The Congo Street Initiative is an inspiring community restoration project in the Jubilee Park neighborhood of East Dallas. Led by bcWorkshop with the help of hundreds of volunteers and architecture students from the University of Texas at Arlington School of Architecture, the project restored new homes for five families using materials from their old homes. Each family was closely involved with the design and reconstruction of their sanctuaries, and the project has helped to stabilize the neighborhood. The homes were completed in 2010, and in the fall of 2012 the project made the overall street more sustainable and added solar panels to each roof.
Before work began, Congo Street was a collection of small houses in a state of disrepair. Many residents had lived there for years in houses that had been handed down from parents or grandparents, but the area was slated for redevelopment. Rather than evict the residents, the project began to sustainably reconstruct the street and give residents secure, low maintenance and reliable housing. bcWorkshop held many community workshops and meetings to come up with a workable plan, which involved building a whole new house for families to live in while their own home was being rebuilt.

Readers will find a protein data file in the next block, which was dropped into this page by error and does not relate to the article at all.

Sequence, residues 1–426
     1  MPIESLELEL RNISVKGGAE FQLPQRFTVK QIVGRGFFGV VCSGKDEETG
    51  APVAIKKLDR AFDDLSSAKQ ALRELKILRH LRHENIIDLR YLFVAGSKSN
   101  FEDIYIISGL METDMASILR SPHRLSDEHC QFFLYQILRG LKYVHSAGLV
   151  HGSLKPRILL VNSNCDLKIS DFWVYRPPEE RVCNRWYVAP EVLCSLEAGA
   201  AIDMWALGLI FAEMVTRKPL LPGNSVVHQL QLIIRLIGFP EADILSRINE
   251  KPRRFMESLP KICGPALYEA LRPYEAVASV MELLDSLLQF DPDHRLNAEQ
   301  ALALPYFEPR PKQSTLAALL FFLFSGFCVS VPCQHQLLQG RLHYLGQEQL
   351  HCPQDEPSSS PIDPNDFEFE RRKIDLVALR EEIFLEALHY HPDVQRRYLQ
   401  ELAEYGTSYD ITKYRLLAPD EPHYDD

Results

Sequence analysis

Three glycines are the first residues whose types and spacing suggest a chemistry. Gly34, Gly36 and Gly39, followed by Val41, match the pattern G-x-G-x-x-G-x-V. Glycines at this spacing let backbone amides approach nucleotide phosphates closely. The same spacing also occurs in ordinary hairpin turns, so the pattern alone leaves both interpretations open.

Working with architecture students from UT Arlington as well as AmeriCorps, Volunteers in Service to America, and several local service groups, bcWorkshop carefully deconstructed each home and then rebuilt new ones to accommodate the families. Building large homes would have been out of the budget and inappropriate for the scale of the street, so new homes were kept to small footprints. The original homes were around 625 sq ft and the largest of the new homes was increased to 975 sq ft. Wood and siding from the original dwellings was reclaimed and reused as siding, stairs, railings and decorative finishes.
After the homes were completed, the next phase of work began to make Congo Street Dallas’s first “Green Street.” This involved incorporating stormwater management, retention, and bio-filtration into the street to make it a safer place to live, and solar power and thermal systems were installed on each rooftop to reduce utility costs. These projects were all funded with support from the city, various community foundations and many volunteers.